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Yu Yu Hakusho
Pojo's Pokemon Card of the Day
Oct. 29, 2010
& Reviews Summary
Ratings are based
on a 1 to 5 scale.
1 being the worst.
3 ... average.
5 is the highest rating.
Back to the main COTD
Electrode Prime (Triumphant)
Like yesterday’s card, Electrode Prime has certain
similarities with a previous version. In this case, the
art even looks very like the old Electrode EX,
though I’m not sure how much room there is to be
artistic with a Pokémon like Electrode.
Like Electrode EX, Electrode Prime will be played
(if it is played at all) for its ability to blow itself
up (and hand the opponent a Prize) in order to
accelerate Energy on to your Pokémon. Because of this,
its stats and attack are almost irrelevant. It has a
reasonable 90 HP and single Retreat cost, a poor
Weakness to Fighting, and an underwhelming attack that
does 30 damage plus 10 to two benched Pokémon for
[L][C]. Why they named it Gigashock is beyond me: there
isn’t very much that is ‘giga’ about it.
The real attraction, such as it is, is Electrode’s
Energymite Power. To use this, you KO your Pokémon in
order to look at the top seven cards of your deck. You
attach any energy you find there to your Pokémon and
discard any remaining cards. Manipulating your deck to
get the best out of this is difficult. You could run a
ton of Energy, or you could use Delcatty PL to try and
make sure you get at least two Energy from the Power.
The downsides and risks of using Energymite are huge
though. You could get Power Sprayed and give your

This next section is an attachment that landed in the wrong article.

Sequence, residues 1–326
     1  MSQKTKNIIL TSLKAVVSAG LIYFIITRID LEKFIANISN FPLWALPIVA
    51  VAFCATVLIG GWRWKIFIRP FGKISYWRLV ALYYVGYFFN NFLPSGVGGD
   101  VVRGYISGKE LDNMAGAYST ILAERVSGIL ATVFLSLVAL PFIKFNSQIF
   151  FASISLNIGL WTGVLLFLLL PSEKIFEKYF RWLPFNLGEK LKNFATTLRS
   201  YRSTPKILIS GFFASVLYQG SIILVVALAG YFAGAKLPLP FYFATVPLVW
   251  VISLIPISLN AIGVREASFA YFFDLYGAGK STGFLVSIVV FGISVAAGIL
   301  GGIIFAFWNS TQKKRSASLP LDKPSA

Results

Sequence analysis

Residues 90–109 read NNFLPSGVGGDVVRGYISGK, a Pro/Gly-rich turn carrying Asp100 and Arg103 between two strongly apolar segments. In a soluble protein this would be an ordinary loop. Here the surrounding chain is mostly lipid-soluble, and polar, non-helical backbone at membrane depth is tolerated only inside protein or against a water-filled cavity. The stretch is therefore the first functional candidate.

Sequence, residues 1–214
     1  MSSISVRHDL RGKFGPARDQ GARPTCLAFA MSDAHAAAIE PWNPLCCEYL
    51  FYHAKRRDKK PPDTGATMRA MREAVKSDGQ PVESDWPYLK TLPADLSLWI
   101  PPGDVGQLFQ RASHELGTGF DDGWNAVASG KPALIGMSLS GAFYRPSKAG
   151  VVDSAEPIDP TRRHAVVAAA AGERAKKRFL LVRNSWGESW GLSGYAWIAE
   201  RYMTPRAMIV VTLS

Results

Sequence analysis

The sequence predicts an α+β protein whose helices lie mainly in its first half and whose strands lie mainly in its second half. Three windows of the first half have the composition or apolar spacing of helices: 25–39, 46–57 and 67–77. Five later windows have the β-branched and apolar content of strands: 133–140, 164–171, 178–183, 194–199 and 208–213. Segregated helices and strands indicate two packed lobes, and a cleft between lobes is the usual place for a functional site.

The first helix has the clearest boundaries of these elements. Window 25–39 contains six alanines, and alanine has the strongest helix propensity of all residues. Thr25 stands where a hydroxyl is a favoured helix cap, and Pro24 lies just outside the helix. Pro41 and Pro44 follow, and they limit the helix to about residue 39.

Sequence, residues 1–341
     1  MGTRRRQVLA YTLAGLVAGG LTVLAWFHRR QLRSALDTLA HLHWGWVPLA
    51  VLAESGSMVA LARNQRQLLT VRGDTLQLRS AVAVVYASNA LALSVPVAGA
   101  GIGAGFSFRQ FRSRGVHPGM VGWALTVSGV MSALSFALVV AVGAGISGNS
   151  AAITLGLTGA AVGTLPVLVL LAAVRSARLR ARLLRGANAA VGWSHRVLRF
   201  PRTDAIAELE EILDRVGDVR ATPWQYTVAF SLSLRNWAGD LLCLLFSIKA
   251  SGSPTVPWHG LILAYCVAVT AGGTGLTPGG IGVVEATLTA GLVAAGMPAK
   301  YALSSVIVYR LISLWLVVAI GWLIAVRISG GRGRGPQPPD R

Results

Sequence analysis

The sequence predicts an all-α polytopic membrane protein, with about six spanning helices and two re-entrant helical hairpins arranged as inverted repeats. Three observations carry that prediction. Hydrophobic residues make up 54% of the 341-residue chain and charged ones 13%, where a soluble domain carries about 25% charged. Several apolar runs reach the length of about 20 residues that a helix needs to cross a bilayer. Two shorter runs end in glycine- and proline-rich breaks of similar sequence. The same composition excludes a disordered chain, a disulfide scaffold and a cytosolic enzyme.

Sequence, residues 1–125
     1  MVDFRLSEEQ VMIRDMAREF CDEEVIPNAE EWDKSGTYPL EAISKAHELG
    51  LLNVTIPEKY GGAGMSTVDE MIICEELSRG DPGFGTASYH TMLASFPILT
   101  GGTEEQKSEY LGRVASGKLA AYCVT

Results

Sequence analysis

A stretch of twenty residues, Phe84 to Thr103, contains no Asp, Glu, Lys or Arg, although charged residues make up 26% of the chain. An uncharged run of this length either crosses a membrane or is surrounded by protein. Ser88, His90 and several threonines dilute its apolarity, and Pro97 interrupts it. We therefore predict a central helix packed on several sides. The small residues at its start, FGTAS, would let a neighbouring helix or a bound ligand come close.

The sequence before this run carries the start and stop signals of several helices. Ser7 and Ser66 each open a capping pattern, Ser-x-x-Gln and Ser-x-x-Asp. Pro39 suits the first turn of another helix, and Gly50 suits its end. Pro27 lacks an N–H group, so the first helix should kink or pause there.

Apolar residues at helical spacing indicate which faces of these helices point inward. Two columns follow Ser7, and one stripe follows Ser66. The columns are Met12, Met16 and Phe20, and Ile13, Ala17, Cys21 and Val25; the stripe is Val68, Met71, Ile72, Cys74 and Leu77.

opponent a Prize for nothing (ruling pending!); you
could end up discarding needed cards; or you could just
whiff totally on the Power. Couple this with the fact
that very few of today’s Pokémon need the kind of Energy
acceleration that a successful Energymite would provide
and you have a card which is not going to find its way
into very many decks.
In fact, what you have here is a massively inferior
version of the much more reliable Electrode EX, which is
kind of odd given the way that most Pokémon have been
given increased power over time. This is definitely one
of those Primes you would rather trade away than look to
Modified: 1.5 (someone, somewhere will try to get it
to work – I wish them luck!)
Limited: 1.75 (Giving away a free Prize is a bad
idea in Limited)
Hello yet again, Pojo readers! I apologize for not
reviewing so much lately, but grad school has been quite
busy. Anyway, we are going to end our COTD week this
week by reviewing one of the many new Primes from the
new HS Triumphant expansion. Today's Card of the Day is
Electrode Prime is a Stage 1 Lightning Pokemon. Being a
Lightning Pokemon is nice right now, as Fighting decks
aren't super common (yet) and a few Lightning Pokemon
that receive play tend to be rather feared (Luxray GL
Lv. X, Magnezone, etc). 90 HP is about average for a
Stage 1, and does hurt the survivability of the card
(not like Electrode really should be worrying about that
anyway). Fighting Weakness is bad, as Donphan Prime and
Machamp SF can pretty easily get rid of you. Metal
Resistance is nice, allowing Electrode to take less
damage from Dialga G or even Scizor or Steelix Prime.
Finally, a Retreat Cost of 1 is thoroughly payable: it
won't set you back too much.
Electrode Prime has a Poke-Power and an attack. The
power, Energymite, allows you to KO Electrode once per
turn to look at the top 7 cards of your deck, choose all
of the energy found there, and attach it wherever you
want. This attack works in a very similar way to the
Supporter card Interviewer's Questions, which can be
both good and bad. Getting all of that energy at once is
really good for whatever type of setup you need at any
given time, however you lose Electrode, giving your
opponent a prize. Also, most decks nowadays run very
little Energy, so Energymite's potential is squandered.
Generally, you'll be KOing Electrode for one or two
Energy. Is a KO worth two extra energy? It depends on